2 cans Napolina Chickpeas, rinsed and drained

300g organic split red lentils

I have a technique for red lentils, which can have a gritty texture when cooked. This gives them a really smooth, silky, texture. I’ve written about it before, but this is how it goes. NOTE: Do not add salt or a stock cube – just plain water.

Melt a generous knob of clarified butter (or ordinary butter and a little olive oil), in a pan and stir in the lentils (the lentils I currently use are much cleaner than those I get from Sainsbury’s – don’t really need washing). Stir until all are coated, then sweat gently over a medium heat for about 15 minutes, stirring  frequently. Some lentils change to a much paler colour during this process, and some don’t. It really doesn’t matter.

Then pour in enough boiling water to cover, adding more as you go – the lentils will expand greatly and absorb a lot of water – put on a lid and simmer, keeping an eye on the water, until they start to disintegrate, then beat with a wooden spoon until smooth and silky. At this point the previously orange lentils will be butter-yellow. This is normal.

Set aside.

I rather overdid the butter, but it seems not to matter at all. Probably better too much than too little as it’s important that all the lentils get their share.


Melt the butter or butter/oil and gently sweat off the onions and shallots until soft but not coloured. Stir in the curry powder, adding a little more butter if it’s too dry, and cook off for a few minutes, then add the carrot and swede. Add enough boiling water to cover, plus everything else down to and including the first tablespoon of coriander leaf. Stir very well, bring back to the boil, cover and simmer until the veg is soft.

During that time you can cook the lentils as described above.

Once the veg is soft, stir in the cooked lentils, in batches, ensuring that each is thoroughly mixed before adding the next. If you followed my instructions all the lentils will go in and still leave room for the chickpeas and more water.

Add the chickpeas, top up with boiling water to within an inch of the top – don’t overfill or stirring it will get messy – and return to the low heat to allow them, and the lentils, to heat through. Stir occasionally. The soup won’t be very thick, so it shouldn’t stick, but stir anyway.

Remove from the heat after 15-20 minutes, stir in the second spoon of coriander, and leave to cool.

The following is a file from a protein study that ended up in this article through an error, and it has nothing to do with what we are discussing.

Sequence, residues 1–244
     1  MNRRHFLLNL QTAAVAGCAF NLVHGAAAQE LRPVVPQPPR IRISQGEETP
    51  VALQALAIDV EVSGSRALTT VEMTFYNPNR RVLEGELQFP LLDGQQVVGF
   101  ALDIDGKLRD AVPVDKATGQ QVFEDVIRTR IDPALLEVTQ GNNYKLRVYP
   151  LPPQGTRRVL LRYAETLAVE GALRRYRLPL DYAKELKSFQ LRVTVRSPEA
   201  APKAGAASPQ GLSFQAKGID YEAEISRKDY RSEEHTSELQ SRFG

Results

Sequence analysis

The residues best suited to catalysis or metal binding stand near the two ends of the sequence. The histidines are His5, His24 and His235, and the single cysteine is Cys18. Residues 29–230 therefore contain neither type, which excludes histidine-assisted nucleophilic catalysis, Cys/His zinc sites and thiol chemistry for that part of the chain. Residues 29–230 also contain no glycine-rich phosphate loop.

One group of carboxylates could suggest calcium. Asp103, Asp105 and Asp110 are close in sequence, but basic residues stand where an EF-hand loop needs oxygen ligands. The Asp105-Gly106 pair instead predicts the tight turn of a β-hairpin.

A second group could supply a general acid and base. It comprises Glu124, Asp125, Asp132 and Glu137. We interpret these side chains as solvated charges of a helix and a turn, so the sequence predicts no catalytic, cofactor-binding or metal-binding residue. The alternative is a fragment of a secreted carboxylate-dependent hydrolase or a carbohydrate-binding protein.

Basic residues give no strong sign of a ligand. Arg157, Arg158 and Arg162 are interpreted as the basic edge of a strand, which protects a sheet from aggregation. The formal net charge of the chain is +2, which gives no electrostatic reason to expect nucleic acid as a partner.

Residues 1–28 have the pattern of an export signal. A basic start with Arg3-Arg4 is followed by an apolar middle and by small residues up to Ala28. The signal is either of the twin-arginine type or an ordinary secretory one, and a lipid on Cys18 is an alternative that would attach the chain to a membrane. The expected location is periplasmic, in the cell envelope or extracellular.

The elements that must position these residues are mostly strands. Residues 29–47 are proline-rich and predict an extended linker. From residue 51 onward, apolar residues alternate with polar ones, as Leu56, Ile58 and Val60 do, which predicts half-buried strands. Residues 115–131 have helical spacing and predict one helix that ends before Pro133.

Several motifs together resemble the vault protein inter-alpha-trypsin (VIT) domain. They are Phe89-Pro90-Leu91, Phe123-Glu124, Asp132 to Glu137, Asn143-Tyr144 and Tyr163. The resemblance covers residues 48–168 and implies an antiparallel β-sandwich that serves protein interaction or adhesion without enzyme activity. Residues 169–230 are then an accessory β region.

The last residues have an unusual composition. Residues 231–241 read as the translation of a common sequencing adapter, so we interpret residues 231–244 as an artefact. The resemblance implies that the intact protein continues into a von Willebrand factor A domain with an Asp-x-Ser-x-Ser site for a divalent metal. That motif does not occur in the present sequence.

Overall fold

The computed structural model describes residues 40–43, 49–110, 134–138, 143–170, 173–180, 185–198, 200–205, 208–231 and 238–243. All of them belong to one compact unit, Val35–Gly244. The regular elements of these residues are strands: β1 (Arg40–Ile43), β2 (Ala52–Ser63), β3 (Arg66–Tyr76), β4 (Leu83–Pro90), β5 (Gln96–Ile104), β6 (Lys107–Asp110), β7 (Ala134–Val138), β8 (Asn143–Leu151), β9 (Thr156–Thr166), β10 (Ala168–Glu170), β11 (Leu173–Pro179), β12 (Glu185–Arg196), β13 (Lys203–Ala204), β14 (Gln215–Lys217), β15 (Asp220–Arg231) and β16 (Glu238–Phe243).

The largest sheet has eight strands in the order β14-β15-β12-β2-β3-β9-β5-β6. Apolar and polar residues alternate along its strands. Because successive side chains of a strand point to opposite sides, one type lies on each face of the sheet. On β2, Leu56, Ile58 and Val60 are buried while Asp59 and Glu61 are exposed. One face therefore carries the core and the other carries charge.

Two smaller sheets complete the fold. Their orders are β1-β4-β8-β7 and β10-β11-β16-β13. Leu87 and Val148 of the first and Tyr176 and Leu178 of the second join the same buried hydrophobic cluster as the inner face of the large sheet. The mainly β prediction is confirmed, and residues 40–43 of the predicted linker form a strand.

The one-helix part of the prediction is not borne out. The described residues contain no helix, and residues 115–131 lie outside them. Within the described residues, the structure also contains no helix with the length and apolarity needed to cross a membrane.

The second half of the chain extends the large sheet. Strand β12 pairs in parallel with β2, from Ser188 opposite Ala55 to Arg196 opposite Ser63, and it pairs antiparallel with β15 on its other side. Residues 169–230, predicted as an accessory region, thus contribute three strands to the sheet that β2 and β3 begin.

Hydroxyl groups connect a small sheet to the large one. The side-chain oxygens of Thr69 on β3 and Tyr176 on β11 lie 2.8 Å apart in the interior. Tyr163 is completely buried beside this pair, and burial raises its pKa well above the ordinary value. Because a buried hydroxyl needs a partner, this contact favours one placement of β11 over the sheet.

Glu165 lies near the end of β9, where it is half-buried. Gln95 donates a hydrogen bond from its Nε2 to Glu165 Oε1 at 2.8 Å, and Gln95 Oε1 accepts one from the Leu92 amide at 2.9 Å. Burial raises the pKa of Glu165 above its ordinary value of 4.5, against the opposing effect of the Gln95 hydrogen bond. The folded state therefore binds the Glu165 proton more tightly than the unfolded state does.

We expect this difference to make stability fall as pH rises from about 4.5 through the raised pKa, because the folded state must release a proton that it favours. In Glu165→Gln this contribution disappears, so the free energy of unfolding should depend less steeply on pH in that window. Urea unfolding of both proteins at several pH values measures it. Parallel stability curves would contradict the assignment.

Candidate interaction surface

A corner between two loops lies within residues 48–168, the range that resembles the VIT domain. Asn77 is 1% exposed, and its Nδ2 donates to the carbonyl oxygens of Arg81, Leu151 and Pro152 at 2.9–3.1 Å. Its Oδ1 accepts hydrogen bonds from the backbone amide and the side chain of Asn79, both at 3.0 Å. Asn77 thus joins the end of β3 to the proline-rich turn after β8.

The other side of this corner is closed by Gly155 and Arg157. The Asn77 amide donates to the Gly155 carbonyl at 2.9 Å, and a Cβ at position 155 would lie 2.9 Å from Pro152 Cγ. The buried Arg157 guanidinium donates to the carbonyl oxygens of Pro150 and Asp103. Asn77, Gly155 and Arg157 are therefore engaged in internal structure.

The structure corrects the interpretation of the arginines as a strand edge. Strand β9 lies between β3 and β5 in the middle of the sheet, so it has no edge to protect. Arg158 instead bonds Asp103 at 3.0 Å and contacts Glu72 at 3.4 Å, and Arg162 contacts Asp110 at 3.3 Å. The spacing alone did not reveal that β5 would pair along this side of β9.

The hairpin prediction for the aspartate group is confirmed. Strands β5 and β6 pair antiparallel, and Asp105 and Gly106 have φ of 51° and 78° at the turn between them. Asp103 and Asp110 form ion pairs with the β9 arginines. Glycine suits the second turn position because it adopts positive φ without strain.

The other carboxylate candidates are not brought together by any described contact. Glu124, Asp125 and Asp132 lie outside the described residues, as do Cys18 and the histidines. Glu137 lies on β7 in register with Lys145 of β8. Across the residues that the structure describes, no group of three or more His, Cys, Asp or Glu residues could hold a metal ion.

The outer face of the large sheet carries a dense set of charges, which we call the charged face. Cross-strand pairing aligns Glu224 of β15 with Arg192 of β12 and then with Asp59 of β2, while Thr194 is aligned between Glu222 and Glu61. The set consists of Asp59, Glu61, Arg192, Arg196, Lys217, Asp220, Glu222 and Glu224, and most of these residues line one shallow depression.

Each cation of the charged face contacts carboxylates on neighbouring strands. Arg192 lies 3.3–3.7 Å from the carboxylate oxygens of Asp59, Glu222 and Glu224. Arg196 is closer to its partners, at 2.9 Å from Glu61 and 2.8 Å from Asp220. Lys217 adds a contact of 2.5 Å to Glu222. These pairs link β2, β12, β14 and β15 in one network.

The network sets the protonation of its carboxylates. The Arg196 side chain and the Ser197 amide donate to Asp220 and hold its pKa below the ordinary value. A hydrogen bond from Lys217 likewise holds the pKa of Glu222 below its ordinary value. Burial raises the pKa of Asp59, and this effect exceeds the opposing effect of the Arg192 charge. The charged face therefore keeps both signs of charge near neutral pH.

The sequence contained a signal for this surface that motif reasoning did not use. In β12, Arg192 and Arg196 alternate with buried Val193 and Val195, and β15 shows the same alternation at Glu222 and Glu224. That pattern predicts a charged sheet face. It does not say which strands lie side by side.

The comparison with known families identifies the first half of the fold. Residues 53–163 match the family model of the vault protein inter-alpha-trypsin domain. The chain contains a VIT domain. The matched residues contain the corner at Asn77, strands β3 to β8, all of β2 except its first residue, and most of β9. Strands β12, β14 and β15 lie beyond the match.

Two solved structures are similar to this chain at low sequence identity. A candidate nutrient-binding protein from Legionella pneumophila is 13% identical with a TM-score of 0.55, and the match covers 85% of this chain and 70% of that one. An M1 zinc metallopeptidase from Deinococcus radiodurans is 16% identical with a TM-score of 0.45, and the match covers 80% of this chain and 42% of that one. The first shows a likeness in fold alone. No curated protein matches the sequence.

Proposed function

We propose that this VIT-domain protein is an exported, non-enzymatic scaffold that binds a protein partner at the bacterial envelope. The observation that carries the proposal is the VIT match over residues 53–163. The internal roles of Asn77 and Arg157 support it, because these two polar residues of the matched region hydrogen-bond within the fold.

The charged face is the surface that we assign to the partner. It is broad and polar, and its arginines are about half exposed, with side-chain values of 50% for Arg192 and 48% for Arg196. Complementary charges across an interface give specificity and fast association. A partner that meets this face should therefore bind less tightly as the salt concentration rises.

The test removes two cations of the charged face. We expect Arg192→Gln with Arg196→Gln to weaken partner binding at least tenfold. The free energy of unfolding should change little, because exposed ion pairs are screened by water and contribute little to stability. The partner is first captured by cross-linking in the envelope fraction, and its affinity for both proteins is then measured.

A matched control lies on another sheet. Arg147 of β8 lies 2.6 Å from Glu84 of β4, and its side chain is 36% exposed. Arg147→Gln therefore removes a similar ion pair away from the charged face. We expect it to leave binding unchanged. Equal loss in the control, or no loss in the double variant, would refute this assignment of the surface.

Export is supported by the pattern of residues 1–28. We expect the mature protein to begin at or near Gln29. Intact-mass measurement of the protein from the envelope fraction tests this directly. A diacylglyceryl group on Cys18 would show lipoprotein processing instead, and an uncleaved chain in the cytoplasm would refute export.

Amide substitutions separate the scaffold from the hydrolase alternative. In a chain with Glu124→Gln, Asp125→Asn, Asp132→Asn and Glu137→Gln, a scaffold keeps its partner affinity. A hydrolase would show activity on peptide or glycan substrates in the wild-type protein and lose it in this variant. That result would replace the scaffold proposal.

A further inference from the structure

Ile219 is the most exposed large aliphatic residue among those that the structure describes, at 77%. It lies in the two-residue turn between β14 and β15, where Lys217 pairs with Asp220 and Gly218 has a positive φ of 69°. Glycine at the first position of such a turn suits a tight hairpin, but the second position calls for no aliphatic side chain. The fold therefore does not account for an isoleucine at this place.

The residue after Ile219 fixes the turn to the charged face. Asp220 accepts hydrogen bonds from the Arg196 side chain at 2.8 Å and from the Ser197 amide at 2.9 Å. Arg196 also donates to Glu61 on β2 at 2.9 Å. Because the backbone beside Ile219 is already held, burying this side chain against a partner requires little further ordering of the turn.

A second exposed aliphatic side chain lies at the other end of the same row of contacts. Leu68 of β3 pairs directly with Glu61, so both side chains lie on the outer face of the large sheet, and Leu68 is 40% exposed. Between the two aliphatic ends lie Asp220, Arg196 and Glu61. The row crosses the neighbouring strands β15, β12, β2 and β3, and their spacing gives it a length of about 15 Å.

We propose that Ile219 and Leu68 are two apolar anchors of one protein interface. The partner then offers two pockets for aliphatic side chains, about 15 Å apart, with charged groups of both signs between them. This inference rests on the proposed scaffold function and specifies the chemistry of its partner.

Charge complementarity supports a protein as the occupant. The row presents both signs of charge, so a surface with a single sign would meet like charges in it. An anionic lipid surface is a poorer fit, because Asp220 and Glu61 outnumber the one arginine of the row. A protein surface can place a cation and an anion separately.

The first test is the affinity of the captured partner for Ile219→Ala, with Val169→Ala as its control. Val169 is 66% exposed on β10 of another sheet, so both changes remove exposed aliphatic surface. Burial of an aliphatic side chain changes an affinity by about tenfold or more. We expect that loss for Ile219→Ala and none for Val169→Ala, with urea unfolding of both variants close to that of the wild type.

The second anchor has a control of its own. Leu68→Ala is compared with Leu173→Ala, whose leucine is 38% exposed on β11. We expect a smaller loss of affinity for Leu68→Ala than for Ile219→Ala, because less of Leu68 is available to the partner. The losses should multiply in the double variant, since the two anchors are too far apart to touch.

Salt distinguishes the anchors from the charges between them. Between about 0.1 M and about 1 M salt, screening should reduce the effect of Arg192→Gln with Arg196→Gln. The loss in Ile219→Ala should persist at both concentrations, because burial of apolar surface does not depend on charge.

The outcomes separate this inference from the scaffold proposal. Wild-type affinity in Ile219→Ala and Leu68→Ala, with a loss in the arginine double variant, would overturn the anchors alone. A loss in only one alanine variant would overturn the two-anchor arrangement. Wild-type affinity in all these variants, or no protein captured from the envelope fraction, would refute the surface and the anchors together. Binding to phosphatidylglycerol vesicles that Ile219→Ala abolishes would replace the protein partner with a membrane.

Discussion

Taste when it’s cool enough and adjust with the Marigold, plus salt and pepper, as needed.

Stir one last time and leave to go cold.

Refrigerate overnight – all soups and stews benefit from allowing the various flavours to rub up against, and get to know each other really well, in the dark.

I chose chickpeas for this as they stand up to stirring without breaking up, plus I think the taste goes well with lentils.

Next day, reheat gently, stirring frequently being sure to scrape the bottom of the pot, and serve with a hunk of good bread. I use this wooden spatula with a straight-edged tip, £2.50 from Sainsbury’s.


or a rice paddle – a wooden spoon is useless and, frankly, I don’t know how they’ve survived for so long. Anyone using one for serious stirring, like a jam maker, is likely to cut the end off to give a straight edge.

As I said yesterday, this is a really robust soup, and it’s also very nice. If you don’t like curry – I find it goes well with lentils – try two tablespoons of sweet paprika and one of ground coriander instead.

Not a great deal of prep, but the need for cooking the lentils separately gets it a third Spoonie spoon.

spoonie spoon spoonie spoon spoonie spoon

You could just toss in the lentils when the veg are about half cooked, but the texture would be nowhere near as good. And there’d be a lot more stirring to do.



One thought on “Chickpea and red lentil soup, with a touch of curry…

  1. Re the soup, the recipe is OK as it stands but can be improved. I added a good dose of ketchup right at the end – about 4 tablespoons. The sharpness and sugar worked well.

    And next time I’ll go with 3 stock cubes, not 2. Of course, if you use a smaller pot 2 will be OK.

    Oh, and it’s extremely filling!